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Elizabeth Bailey

A representation of what Bullying can look like from an Artists perspective

Bullying – A Lack of Knowledge

Real Information Not Often Touched Upon By Schools

November 10, 2022

Demographic bullying statistics based on area (National Center of Education Statistics)

Bullying is an epidemic in the world, with almost all people having an experience with bullying. Some people have experienced being bullied, others being the bully, or being the bystander watching the situation unfold. With all the understanding around this issue spreading like a plagueshouldn’t you show it in a serious light? Bullying deserves to get the attention it needs to become important in the public’s mind. However, spectacles that involve anything beyond the truth are not a good way of doing that, in this case that would be a BMX bike stunt assembly held in our school. Although extremely entertaining and motivating, there wasn’t much of a connection to bullying for high school students to relate to in our building or a given process for prevention.

Bullying, by definition, is the insulting and the putting down of others by someone with perceived power, whether that be physical or emotional. It can happen to anyone for any reason, and this helps the issue spread. Now there are many causes that can make someone a bully: from poor conditions at home to being bullied in the past, making the cycle repeat. This cycle, albeit common, makes it widespread and creates a continuous cycle of harm. According to the National Center for Education Statistics, on average, 22% of students are bullied (on school grounds / not online); While this number doesn’t seem that big, it symbolizes 11 million students in the US alone. There is no source attached to this, but it would be fair to guess that probably 11 million more have some kind of experience with bullying, that being either the bully or a bystander.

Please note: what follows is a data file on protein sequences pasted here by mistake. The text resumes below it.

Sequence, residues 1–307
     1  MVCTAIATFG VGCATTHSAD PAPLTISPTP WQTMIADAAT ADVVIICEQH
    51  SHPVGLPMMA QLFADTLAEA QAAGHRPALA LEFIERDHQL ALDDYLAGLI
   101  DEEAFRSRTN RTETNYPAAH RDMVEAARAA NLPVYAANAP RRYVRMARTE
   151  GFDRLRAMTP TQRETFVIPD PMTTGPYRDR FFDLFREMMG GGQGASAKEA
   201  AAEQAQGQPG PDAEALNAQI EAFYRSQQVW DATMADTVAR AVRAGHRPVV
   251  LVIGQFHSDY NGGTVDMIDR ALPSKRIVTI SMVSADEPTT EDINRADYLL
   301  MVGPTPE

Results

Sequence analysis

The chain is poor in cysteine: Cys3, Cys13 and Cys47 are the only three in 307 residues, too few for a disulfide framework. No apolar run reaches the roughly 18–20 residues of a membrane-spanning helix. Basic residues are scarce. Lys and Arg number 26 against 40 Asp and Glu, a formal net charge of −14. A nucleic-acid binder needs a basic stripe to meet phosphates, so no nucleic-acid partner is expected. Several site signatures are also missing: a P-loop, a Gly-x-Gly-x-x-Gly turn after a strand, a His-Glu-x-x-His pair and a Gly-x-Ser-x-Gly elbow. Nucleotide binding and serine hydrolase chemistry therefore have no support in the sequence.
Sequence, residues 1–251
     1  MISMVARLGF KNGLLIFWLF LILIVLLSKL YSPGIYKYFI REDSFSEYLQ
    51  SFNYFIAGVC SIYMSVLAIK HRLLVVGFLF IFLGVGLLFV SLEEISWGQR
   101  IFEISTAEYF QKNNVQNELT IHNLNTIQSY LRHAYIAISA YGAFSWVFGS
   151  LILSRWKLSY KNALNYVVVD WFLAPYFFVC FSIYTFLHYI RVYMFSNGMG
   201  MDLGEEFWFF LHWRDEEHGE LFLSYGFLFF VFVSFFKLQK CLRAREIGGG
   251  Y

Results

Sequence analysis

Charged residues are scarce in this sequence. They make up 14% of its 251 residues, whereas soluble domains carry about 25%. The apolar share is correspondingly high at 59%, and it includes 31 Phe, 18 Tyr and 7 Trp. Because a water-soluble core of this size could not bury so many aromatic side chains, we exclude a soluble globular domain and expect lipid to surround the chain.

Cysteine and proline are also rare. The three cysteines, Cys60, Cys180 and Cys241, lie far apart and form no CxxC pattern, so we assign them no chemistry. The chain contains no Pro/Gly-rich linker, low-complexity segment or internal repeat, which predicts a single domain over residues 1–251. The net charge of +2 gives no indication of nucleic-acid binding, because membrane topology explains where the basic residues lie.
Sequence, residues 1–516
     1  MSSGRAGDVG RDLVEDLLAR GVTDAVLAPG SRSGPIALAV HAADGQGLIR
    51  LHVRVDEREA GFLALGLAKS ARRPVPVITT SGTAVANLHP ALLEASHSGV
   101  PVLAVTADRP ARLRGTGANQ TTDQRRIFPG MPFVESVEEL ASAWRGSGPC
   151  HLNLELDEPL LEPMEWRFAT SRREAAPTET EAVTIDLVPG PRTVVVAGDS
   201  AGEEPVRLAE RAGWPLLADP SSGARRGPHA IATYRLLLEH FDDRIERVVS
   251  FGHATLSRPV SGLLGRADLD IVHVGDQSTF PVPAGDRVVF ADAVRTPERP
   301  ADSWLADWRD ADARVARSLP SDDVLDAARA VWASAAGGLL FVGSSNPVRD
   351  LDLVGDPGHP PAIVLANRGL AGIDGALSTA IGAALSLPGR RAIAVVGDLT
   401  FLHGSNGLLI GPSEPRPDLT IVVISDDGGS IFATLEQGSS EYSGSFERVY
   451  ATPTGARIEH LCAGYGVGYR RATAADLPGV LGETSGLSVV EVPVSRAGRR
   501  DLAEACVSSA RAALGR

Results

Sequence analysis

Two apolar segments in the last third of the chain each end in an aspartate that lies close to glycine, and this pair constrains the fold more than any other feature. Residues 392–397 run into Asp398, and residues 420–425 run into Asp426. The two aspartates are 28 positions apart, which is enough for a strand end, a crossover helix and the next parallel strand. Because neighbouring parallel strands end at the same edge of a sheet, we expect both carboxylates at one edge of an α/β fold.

Schools don’t want to tell students about the side effects that can harm students that are bullied.”


Bullying has many effects attached to it. According to the National Center of Biotechnology Information, it can cause anxiety, depression, Borderline Personality Disorder (BPD), poor or failing grades, and even self harm or suicide. These symptoms are very severe, and are often overlooked. Look back at elementary or middle school, look back to all those anti-bullying assemblies that they made you go to… Do you notice something? None of the negative effects of bullying are ever mentioned. Well, you would be correct. Schools don’t want to tell students about the side effects that can harm students that are bullied.  It would be bringing attention to detail that could cause more harm — without a system in place for therapy or support to help. This is a bad idea. Take smoking as an example, smoking was massive until the 70s, when ads showing the “benefits” were banned and all the effects of smoking were shown more clearly to the public. According to the American Lung Association, smoking went from 42.6% of adults in the US in 1966 and went down fast to 34.1% in 1978 and is now down to 13.7%. This is mainly due to the knowledge of smoking being bad for your health, so shouldn’t the same logic be used for bullying to reduce the rates?